TRO (c) 1967 Melody Trails, Inc. New York, NY
Tags: Afghanistan, Afghanistan War, answer coalition, derrick kirkland, Iraq, Iraq war, march forward, memorial day, ptsd, roger hollander, Sgt. Kirkland, soldiers, spc andrew bussy, spc cary ellis, spc joseph chroniger, ssg kevin baker, suicide, va, veterans administration, war casualties
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more deaths from Wall Street’s wars!’
their own words
The following is a statement from veterans and
active-duty troops in the organization March
Forward!, an affiliate of the ANSWER Coalition.
On Memorial Day, we are asked to remember those who
have died in Washington’s wars. Of course, we’re only asked to remember the
lives of U.S. troops; the lives of civilians killed in the current wars are
supposed to not exist. As veterans, we know the human toll all too well, and
cannot forget the more than one million innocent Iraqis, and the tens of
thousands of Afghans, including an entire home just obliterated yesterday by
NATO that killed ten children–cut from life before it had even begun.
In the United States, there are many families who
will be mourning a loved one this Memorial Day: over 6,000 U.S. troops have been
killed in Iraq and Afghanistan in the past ten years. That number is climbing by
the day as casualties hit record numbers in the hopeless Afghanistan war, and
troops continue to be killed in the “ended” Iraq war.
But what this government doesn’t want us to remember
is the record number of troops who have lost their lives to suicide. They, too,
are victims of the U.S. military’s wars. Over the past two years, more
active-duty troops have killed themselves than have been killed in combat.
Outside the military, veterans commit suicide at a rate of 18 per day.
This epidemic is the result of criminally negligent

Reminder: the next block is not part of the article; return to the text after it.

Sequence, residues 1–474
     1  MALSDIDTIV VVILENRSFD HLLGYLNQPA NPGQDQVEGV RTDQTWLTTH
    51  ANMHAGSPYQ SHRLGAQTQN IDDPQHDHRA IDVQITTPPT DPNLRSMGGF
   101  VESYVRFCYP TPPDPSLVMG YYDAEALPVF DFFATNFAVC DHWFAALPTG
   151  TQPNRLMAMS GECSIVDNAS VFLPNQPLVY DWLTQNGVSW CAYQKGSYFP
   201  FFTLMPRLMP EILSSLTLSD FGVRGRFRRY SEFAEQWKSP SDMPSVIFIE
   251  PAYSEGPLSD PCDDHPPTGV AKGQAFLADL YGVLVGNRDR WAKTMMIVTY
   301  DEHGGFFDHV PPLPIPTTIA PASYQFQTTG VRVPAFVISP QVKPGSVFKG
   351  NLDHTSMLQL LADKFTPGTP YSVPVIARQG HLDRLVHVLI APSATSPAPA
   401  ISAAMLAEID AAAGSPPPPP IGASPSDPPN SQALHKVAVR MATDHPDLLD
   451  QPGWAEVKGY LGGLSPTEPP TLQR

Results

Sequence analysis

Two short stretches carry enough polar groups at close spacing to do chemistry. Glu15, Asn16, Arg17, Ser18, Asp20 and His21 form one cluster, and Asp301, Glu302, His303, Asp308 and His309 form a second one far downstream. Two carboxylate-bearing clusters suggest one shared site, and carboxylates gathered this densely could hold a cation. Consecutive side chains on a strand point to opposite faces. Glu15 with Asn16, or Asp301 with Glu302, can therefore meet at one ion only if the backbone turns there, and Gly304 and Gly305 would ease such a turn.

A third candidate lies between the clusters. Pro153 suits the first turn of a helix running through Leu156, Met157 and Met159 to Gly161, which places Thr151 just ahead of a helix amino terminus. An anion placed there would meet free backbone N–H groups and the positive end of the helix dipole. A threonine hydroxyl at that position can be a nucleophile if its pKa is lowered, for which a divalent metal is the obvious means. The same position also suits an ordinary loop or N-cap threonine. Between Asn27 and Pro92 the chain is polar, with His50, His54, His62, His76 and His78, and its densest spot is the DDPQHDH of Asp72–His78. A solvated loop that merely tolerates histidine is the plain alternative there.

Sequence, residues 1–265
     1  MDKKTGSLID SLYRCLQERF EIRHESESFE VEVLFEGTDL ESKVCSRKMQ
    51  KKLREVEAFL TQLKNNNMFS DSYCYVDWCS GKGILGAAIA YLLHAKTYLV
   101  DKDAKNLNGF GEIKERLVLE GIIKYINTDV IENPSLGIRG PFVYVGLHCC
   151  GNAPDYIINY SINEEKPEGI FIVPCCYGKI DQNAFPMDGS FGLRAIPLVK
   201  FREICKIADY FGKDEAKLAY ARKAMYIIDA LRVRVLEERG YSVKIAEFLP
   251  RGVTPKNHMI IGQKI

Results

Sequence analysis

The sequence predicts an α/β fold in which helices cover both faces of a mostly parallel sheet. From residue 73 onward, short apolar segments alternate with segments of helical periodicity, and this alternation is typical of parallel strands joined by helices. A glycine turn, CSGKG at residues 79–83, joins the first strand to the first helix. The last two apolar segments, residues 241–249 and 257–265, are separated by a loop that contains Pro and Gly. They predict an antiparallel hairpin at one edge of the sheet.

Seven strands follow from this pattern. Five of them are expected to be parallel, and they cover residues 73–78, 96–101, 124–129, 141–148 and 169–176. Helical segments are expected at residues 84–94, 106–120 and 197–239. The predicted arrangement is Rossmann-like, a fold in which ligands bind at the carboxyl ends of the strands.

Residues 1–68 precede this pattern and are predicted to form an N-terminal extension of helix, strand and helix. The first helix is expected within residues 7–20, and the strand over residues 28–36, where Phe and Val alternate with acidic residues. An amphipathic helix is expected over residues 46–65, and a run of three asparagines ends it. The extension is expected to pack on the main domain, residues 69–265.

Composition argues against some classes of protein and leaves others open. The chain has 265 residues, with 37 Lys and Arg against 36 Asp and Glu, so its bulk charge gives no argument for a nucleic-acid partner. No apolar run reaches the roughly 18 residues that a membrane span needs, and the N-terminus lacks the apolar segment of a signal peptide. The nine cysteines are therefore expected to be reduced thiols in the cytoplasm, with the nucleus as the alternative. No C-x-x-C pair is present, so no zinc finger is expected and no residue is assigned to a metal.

mental health care from the U.S. military and Veterans Affairs—but no matter how
much the mental health care system is improved, it doesn’t stop the constant
flow of thousands of young people who are sent to be traumatized in the first
place in two imperial wars. A recent study found that now 80 percent of soldiers
and Marines have witnessed a friend killed or wounded in combat. Morale is down
Under these conditions, the wave of suicides can only
Active-duty troops are standing up and fighting back.
This Memorial Day, let’s remember those killed by the U.S. government’s actions,
and honor those who are memorializing a fellow soldier by speaking out and
fighting to punish those responsible for his death.
Sgt. Derrick Kirkland, from 4-9 Infantry at Fort
Lewis, Wash., deployed to Iraq twice. He was rated a “low risk” for suicide
after three consecutive suicide attempts, was publicly ridiculed for seeking
help by his superiors, then placed in a barracks room alone in violation of Army
regulations. Days later he killed himself, on March 19, 2010.
Kirkland’s mother, Mary Corkhill, told March
Forward!: “the Army has massively failed him … I am very angry at the Army and I
feel they killed my son.”
March Forward! members in 4-9 Infantry immediately
sprung into action upon his death to expose those responsible. They have been
heroically organizing and speaking out. They are still working today to expose
Sgt. Kirkland’s case and the criminal treatment given to all troops, and to
organize against the wars.
You can help their voices be heard by signing their
petition and circulating their statements widely.
Help build the campaign to win justice for Sgt.
Kirkland, to hold the government accountable for their mistreatment of
traumatised soldiers, and to end the wars!
For more on the Kirkland
Lies About the US Civil War 150 Years Later April 13, 2011Posted by rogerhollander in History, War.
Tags: civil liberties, civil war, david swanson, history, lincoln, permanent war, roger hollander, slavery, war, war casualties, war deaths